While you can travel the culinary world in Santa Fe with a plethora of choices from every region of the globe, you at least have to sample what is commonly referred to as New Mexican, Southwestern or Santa Fean cuisine. Whatever you call it, you can be assured that it is liberally spiced with New Mexican chilies. There is even an official question from your server that follows your order: red or green? This refers to what kind of chilies you want slathered over your order. If you want both, then the reply is “Christmas.” One word of warning is in order. If you are not used to spicy foods, then ask for your chile on the side. At most places you will also be served a sopapilla for dessert. This fried pillow is meant to be eaten with honey and/or honey butter and will cool the burn.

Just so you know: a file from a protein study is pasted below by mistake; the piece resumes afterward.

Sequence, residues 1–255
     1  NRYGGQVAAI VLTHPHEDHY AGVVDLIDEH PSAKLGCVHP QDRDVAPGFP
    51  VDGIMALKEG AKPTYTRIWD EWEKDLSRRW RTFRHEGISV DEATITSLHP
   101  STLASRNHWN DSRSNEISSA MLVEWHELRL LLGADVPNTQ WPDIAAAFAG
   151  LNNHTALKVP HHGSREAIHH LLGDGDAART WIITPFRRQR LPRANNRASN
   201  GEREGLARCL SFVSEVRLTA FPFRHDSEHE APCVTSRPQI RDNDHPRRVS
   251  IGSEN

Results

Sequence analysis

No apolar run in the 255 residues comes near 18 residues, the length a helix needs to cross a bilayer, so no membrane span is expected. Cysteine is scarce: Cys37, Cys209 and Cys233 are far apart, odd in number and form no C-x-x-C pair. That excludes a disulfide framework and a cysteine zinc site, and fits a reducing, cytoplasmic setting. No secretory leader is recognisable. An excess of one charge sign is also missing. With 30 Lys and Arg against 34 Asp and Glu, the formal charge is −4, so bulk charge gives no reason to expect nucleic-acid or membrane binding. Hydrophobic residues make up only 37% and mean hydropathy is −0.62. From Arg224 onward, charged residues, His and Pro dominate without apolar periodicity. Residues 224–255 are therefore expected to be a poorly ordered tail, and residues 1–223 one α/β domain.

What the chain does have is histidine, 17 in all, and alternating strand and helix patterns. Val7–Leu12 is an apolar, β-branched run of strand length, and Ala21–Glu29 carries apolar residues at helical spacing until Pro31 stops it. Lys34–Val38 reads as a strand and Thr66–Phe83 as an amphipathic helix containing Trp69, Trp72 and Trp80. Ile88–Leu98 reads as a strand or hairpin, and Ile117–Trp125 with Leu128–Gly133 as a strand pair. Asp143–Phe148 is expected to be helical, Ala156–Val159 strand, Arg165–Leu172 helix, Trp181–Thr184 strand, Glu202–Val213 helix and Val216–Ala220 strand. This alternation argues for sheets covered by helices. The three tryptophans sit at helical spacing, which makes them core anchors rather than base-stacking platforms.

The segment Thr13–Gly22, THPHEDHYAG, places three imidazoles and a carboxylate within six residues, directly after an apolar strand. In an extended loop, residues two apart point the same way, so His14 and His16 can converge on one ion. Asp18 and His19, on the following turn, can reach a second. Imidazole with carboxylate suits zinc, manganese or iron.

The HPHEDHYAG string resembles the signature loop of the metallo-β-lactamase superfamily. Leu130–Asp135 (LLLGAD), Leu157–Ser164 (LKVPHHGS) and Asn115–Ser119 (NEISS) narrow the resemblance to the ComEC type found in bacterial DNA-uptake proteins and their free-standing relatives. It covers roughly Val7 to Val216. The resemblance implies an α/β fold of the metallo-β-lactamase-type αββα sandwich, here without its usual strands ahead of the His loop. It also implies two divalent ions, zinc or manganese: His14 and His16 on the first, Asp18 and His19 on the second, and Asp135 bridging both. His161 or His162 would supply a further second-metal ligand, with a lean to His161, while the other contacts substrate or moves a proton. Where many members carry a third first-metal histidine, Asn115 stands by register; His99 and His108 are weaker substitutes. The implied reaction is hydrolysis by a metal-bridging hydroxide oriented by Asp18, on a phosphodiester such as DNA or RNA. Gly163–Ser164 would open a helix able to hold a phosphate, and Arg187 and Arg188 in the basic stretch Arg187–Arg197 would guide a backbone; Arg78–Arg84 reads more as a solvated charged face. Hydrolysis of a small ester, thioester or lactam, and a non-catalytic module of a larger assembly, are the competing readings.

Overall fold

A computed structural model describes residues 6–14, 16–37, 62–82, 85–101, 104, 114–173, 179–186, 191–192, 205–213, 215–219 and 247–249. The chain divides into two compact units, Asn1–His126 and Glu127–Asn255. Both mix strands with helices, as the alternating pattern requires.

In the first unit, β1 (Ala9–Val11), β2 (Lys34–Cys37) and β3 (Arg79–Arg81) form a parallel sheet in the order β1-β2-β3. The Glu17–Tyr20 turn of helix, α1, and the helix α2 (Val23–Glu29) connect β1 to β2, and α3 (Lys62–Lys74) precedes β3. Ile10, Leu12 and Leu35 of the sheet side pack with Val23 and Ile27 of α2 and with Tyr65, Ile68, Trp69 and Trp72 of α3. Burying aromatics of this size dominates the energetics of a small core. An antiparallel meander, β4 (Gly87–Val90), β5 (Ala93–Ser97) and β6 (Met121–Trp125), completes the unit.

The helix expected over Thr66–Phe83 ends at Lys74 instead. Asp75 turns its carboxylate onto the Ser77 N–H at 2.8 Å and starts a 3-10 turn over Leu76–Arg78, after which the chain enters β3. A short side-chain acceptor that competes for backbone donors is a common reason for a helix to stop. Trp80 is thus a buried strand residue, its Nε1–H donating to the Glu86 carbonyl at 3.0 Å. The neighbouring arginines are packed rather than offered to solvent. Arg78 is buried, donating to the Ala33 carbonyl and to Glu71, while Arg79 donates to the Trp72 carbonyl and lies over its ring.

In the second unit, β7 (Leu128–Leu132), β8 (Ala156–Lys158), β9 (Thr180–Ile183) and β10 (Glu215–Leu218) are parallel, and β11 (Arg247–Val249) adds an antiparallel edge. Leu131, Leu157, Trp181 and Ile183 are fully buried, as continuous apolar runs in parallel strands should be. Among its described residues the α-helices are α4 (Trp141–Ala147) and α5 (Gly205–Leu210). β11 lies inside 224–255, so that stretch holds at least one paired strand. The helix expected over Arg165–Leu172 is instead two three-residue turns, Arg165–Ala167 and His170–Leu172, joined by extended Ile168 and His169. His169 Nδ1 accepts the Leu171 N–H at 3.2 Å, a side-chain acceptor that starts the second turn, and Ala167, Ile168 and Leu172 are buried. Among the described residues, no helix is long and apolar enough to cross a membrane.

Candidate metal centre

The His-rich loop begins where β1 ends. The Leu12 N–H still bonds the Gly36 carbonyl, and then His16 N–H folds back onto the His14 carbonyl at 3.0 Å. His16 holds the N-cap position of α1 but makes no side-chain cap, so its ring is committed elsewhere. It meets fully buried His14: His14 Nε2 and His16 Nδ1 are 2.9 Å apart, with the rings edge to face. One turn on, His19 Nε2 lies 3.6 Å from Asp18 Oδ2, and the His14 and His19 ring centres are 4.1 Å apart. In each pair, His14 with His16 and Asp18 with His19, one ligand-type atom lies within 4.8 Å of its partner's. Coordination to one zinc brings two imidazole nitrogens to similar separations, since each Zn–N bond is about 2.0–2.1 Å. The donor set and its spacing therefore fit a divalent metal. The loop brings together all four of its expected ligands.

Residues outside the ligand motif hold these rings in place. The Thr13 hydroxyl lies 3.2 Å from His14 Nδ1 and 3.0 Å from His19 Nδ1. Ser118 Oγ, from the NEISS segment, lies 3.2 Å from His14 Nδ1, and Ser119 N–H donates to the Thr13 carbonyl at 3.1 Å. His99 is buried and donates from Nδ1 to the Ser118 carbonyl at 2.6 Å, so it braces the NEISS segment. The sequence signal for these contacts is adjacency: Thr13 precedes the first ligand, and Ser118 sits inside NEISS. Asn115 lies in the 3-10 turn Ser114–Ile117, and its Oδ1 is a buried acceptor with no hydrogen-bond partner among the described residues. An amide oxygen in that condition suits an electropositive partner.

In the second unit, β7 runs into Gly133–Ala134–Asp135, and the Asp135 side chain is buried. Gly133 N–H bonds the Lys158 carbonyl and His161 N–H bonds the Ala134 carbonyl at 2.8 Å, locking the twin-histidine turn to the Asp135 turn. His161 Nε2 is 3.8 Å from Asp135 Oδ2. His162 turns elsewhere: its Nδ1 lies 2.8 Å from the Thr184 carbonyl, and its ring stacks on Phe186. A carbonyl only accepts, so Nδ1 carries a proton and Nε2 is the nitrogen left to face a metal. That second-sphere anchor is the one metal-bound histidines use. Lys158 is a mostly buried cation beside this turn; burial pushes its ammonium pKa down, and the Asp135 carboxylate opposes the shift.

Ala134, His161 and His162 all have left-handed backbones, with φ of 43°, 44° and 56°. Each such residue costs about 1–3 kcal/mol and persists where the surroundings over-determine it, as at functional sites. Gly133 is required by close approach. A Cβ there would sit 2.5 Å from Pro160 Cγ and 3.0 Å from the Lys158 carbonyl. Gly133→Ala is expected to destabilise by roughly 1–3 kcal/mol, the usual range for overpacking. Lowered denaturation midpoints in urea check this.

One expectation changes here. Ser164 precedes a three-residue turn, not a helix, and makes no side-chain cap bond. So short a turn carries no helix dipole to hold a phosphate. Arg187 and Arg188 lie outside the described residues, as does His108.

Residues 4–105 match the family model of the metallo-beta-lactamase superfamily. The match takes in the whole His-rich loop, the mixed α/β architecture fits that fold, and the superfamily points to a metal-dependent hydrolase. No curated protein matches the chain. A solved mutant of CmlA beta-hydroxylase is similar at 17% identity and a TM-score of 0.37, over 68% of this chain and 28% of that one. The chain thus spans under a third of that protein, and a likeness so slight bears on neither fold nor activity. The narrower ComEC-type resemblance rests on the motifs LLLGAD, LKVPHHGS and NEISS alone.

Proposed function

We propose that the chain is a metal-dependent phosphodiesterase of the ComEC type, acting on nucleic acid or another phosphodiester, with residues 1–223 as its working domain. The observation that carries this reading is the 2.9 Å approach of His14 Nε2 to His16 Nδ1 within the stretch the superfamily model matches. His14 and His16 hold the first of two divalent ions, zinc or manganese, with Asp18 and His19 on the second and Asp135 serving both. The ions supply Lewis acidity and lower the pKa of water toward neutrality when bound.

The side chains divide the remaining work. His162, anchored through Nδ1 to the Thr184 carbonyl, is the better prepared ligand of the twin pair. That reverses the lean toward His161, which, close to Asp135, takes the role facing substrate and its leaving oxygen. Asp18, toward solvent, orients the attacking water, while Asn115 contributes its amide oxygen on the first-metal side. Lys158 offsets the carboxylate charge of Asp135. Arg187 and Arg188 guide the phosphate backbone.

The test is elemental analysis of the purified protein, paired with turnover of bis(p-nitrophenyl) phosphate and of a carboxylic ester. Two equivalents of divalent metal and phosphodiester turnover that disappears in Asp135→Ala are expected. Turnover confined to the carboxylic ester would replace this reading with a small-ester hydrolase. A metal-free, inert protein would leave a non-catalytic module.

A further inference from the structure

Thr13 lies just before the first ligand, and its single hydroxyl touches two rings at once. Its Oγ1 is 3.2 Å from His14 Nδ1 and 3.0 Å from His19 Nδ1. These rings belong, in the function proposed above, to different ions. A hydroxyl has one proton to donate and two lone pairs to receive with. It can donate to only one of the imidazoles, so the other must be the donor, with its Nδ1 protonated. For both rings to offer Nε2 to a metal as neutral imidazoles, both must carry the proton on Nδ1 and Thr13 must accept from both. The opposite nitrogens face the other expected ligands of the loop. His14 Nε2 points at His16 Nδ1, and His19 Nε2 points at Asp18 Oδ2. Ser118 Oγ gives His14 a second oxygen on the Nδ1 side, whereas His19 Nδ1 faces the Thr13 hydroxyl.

Another attraction for visitors and locals alike is the weather. An average of 320-plus days of sunshine a year makes for a long and pleasant bike season. I mountain bike year round. However, if I was to be traveling to Santa Fe to bike, I would avoid the peak of winter as options would be limited if there is a heavy snowfall. Our typical riding season is March through November although you should wait until late April or May if you want to ride some of the high-country trails.
While spring winds might stir up dust for a few days or forest fires in New Mexico or Arizona might mess with our air quality from time to time, this has not prevented Santa Fe from being ranked as having the second best air quality in the country. That is not to say that you will not be sucking air on your rides. Santa Fe itself is situated at 7,000 feet with some of our rides taking you to above 12,000. With this in mind, unless you are coming from the high country you need to give yourself some time to acclimatize before you head out on a long epic.